The presence of women is evident in every little detail of a DeLaneau watch

In charge of creating the enamel dials at DeLaneau is a team of ladies who undergo a complex artistic process to realise these miniature masterpieces.


Watchmaking is traditionally a man's world. Creating precision instruments tends to attract more males than females, as do most of the engineering industries. But DeLaneau is different. While these timepieces are technically perfect, driven by mechanical calibres made by one of the top movement makers in Switzerland, the presence of women is evident in every detail of a DeLaneau watch. Which is hardly surprising since the company is almost entirely made up of women, who make watches just for women. That in itself sets the house apart, as does the emphasis on the decoration of each watch.

In charge of creating the beautiful enamel dials is a team of ladies who spend their days peering through microscopes as they create their miniature masterpieces. Like any painting, work starts with research and sketching, and the enamellers' sketch books are testament to their drafting skills, learnt from their days as Fine Art students.

Under the guidance of Creative Director Brigitte Morina, the DeLaneau women work with paint brushes topped with a mere few strands of mink hair. Each enameller mixes their own enamel paint, either from a ready-ground powder or by creating their own powder by grinding chunks of coloured glass in a marble pestle and mortar.

Using a doll-sized palette knife, the powder is then mixed with oil on a slice of agate, chosen for its smoothness and lack of porosity. The artist then dips the brush in the paint and applies the enamel to the reduced canvas.

One watch dial alone can have as many as 20 firings to melt the enamel powder to create the glossy, rich colours we associate with this media. And each visit to the oven at temperatures of over 800ºC carries the risk of burning or warping, hence the technique's name: Grand Feu.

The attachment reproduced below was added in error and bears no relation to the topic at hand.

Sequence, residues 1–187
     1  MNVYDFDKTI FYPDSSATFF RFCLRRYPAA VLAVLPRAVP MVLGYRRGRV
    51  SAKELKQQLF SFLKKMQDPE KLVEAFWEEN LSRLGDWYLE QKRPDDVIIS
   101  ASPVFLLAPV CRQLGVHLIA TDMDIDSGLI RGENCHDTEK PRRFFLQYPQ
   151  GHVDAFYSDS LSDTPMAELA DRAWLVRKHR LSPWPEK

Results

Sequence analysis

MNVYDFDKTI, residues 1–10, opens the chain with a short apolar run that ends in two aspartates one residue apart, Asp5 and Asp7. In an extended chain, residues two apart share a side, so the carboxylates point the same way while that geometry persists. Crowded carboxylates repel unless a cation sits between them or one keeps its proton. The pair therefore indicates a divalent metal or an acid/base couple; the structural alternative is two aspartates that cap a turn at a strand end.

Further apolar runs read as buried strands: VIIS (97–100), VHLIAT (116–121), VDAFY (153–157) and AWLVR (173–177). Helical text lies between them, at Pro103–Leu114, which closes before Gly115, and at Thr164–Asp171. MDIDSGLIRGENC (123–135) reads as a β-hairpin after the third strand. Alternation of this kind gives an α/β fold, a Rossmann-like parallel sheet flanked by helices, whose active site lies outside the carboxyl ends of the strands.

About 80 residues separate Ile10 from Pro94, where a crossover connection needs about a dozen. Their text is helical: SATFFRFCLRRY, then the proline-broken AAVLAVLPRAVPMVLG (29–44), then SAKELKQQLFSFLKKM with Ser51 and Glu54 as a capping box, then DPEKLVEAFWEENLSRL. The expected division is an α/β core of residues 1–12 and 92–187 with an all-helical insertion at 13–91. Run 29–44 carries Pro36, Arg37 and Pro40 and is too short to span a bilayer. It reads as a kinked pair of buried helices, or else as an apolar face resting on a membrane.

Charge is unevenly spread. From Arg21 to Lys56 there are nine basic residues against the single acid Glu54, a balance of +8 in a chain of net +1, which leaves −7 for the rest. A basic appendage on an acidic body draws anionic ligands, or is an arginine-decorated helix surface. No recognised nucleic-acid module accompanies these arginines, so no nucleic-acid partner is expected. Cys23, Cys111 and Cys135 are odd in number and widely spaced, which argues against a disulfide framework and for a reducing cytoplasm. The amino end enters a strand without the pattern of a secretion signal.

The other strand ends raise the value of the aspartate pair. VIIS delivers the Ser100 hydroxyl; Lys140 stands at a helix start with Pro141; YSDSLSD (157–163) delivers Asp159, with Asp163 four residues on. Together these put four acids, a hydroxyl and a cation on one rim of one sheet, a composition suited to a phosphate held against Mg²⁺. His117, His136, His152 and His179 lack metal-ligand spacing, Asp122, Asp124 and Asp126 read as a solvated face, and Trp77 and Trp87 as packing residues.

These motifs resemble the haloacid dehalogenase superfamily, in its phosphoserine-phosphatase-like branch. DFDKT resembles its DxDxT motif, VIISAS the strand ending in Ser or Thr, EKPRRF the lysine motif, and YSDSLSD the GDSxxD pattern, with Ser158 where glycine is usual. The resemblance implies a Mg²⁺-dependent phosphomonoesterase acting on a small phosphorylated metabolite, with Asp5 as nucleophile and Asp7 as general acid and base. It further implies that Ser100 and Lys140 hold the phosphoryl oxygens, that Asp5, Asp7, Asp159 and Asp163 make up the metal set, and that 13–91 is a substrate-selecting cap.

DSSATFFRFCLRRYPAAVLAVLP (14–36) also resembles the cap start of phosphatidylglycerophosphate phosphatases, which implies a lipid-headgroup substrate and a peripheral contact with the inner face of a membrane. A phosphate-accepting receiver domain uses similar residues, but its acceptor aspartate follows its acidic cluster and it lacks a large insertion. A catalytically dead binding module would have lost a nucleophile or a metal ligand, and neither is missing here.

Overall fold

My French is limited but I clearly understood the anxiety of the firing phase when Beatrice and Florence, two of DeLaneau's enamellers, recounted the firing process. Once the painting is complete, the surface is filed down to produce an even finish and fired once more.

The team at DeLaneau are masters of many enamel techniques. Amongst them is plique-à -jour, which creates little windows of coloured glass, or grisaille, which layers white porcelain powder over a black background. Paillonné refers to gold leaf covered with a layer of translucent enamel, while cloisonée enamelling delineates the areas of colour using little gold dividers. One of my favourite effects is seen in the Rondo Translucent range. Grand Feu enamel is applied over an intricate engraved pattern, the result of which is a deep shimmering of glassy colour. All these techniques are widely employed by the DeLaneau team and often skilfully combined in one watch dial.

Many of the dials are then set with precious stones. Florence explained to me how sometimes the dials can be damaged by the pressure applied by the gem-setter. So the work of the enamel artist is not complete until the dial is safely housed in its watch case and a glass firmly in place over it.

Even the colours of the watch straps are carefully considered to match the colours on the dial. Much as you would choose the colour of your shoes to go with an outfit, Beatrice Morina pores over swatch samples of suede and leather to find the perfect combination. The leather comes from the same source as that used by luxury shoemakers such as Ferragamo, which explains the unusual and striking hues of each strap.

But the end result is so unique and beautiful that the ladies of DeLaneau are willing to undertake all the risk and stress it implies. So while men may be better suited to the engineering side of watchmaking, it takes the temperament of a woman to embark on a project that requires artistic sensitivity, skill, patience and calm in the face of adversity to produce these unique works of art.

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